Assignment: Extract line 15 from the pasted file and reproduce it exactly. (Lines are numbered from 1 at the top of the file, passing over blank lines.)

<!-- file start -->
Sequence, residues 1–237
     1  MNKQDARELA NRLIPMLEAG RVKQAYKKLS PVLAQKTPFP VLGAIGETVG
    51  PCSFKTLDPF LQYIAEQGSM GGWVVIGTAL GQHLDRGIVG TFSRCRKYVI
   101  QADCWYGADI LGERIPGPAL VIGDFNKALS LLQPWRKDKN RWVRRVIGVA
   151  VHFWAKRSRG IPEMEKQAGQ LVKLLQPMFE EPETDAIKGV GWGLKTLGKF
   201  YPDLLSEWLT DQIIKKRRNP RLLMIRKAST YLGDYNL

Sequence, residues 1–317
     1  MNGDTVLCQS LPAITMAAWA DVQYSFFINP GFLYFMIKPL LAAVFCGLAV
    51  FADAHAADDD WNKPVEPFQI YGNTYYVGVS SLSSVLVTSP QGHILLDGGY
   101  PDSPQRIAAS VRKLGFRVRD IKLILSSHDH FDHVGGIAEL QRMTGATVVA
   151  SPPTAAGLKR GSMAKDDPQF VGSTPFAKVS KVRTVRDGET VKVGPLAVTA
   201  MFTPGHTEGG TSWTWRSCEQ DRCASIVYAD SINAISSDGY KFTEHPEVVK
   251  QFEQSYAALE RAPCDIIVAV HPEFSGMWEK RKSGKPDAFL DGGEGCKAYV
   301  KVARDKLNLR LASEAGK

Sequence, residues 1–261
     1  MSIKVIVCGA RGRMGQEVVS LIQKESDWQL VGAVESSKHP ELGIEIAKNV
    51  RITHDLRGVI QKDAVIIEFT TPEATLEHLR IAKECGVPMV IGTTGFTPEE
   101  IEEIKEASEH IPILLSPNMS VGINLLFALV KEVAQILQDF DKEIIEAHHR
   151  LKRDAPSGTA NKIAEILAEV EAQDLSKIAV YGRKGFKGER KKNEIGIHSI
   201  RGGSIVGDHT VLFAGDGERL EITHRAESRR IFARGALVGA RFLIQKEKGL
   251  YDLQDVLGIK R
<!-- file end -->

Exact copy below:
Sequence, residues 1–261